In some exchanges on a post I made on my Facebook timeline, we’ve been talking about the increasingly blurred lines between satire and reality. So often, I see news-articles posted on-line about political candidates, political leaders, and other news items, and will get several paragraphs in before I realize that what I’m reading is satire. Likewise, I’ll sometimes find myself reading an actual news story, saying to myself, “this has got to be satire, it’s too absurd not to be.” But, in those instances, it’s reality that has turned out to be the absurd one. One of my friends lamented that satire is a dying art form. She thought this because it is harder and harder to discern the difference between reality and satire. I disagree. I think satire is alive and well, and better than it’s ever been. It’s the absurd reality of our world today that is the problem. It’s reality that is dying.
It’s a sad reflection on our society when the voice of reason becomes the satirist. I’ll read a column by New York Times columnist Andy Borowitz and think, “wow, this guy is sounding more reasonable than all the so-called ‘expert’ talking heads I see elsewhere on the news!” It’s sad when more and more people turn to comedians and their fake news shows like The Daily Show for their information because the mainstream media (especially in the United States) has become a sad reflection of the absurdity of the society it serves. News, especially in the United States, has become entertainment, and has increasingly little connection to transmitting important information. Most of the big media outlets have their obvious biases, which many wear proudly. It should not be that way. I bristle at the notion of any media outlet endorsing a political candidate. To me, that should be considered journalistically unethical, but it’s been an accepted practice worldwide for many years.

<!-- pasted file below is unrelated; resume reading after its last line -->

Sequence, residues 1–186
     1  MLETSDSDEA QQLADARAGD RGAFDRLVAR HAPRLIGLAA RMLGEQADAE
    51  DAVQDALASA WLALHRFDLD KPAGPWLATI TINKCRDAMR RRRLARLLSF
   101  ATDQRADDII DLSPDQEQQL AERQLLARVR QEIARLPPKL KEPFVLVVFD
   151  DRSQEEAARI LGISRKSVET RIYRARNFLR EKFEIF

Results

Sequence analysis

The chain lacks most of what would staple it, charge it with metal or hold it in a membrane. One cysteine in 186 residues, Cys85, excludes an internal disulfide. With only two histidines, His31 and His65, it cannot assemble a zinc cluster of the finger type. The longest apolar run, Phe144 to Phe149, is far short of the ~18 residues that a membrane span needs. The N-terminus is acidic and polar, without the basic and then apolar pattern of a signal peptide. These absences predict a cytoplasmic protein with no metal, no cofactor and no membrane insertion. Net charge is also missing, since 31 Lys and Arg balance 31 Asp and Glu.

As I think about my on-line conversation, I and my friends have come to the conclusion that it’s the unbridled absurdity of society today that’s caught up with the satirist. I see the surging popularity of people like Donald Trump as a scathing indictment on society. When a man who espouses misogyny and racism the way he does, who flaunts an outsized ego the way he does, can command the level of popularity that he does, where does the line between absurd reality and satire lie? Elections have become clashes of personality rather than debates about and choices between differing policies. While this has been the norm in the United States for decades, this cancer is spreading to other countries as well.
No, it’s not satire that is dying; it is reality that’s on life-support. In many ways, reality is sometimes an abstract concept. You ask five people to describe the same scene, and you’ll get five sometimes different descriptions, and you won’t think they’re necessarily talking about the same thing if you haven’t seen it yourself. As someone who was raised in Christian Science, a faith that completely warps one’s concept of reality, the whole idea of reality, what it is, and how absurd it can be, is a deeper conversation sometimes, than it is for many. As Pontious Pilate is famously quoted as saying, “What is truth?”